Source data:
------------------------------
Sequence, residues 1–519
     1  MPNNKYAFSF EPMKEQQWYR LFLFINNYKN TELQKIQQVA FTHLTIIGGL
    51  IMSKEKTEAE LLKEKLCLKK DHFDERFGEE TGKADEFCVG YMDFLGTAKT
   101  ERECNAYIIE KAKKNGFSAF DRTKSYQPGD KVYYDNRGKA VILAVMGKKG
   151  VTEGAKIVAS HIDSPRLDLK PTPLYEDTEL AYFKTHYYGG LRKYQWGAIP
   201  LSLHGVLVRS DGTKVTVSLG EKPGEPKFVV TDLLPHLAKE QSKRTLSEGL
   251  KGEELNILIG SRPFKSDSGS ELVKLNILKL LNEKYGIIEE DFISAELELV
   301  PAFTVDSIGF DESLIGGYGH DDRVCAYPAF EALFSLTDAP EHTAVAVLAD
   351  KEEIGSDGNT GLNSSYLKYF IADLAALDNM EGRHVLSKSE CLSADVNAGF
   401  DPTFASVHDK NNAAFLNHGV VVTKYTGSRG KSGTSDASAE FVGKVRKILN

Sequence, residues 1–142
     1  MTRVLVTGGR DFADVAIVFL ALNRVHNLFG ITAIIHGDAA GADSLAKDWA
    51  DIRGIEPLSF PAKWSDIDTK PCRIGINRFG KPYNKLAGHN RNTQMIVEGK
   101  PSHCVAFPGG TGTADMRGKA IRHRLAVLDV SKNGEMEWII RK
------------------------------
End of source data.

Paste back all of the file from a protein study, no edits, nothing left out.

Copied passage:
Sequence, residues 1–519
     1  MPNNKYAFSF EPMKEQQWYR LFLFINNYKN TELQKIQQVA FTHLTIIGGL
    51  IMSKEKTEAE LLKEKLCLKK DHFDERFGEE TGKADEFCVG YMDFLGTAKT
   101  ERECNAYIIE KAKKNGFSAF DRTKSYQPGD KVYYDNRGKA VILAVMGKKG
   151  VTEGAKIVAS HIDSPRLDLK PTPLYEDTEL AYFKTHYYGG LRKYQWGAIP
   201  LSLHGVLVRS DGTKVTVSLG EKPGEPKFVV TDLLPHLAKE QSKRTLSEGL
   251  KGEELNILIG SRPFKSDSGS ELVKLNILKL LNEKYGIIEE DFISAELELV
   301  PAFTVDSIGF DESLIGGYGH DDRVCAYPAF EALFSLTDAP EHTAVAVLAD
   351  KEEIGSDGNT GLNSSYLKYF IADLAALDNM EGRHVLSKSE CLSADVNAGF
   401  DPTFASVHDK NNAAFLNHGV VVTKYTGSRG KSGTSDASAE FVGKVRKILN

Sequence, residues 1–142
     1  MTRVLVTGGR DFADVAIVFL ALNRVHNLFG ITAIIHGDAA GADSLAKDWA
    51  DIRGIEPLSF PAKWSDIDTK PCRIGINRFG KPYNKLAGHN RNTQMIVEGK
   101  PSHCVAFPGG TGTADMRGKA IRHRLAVLDV SKNGEMEWII RK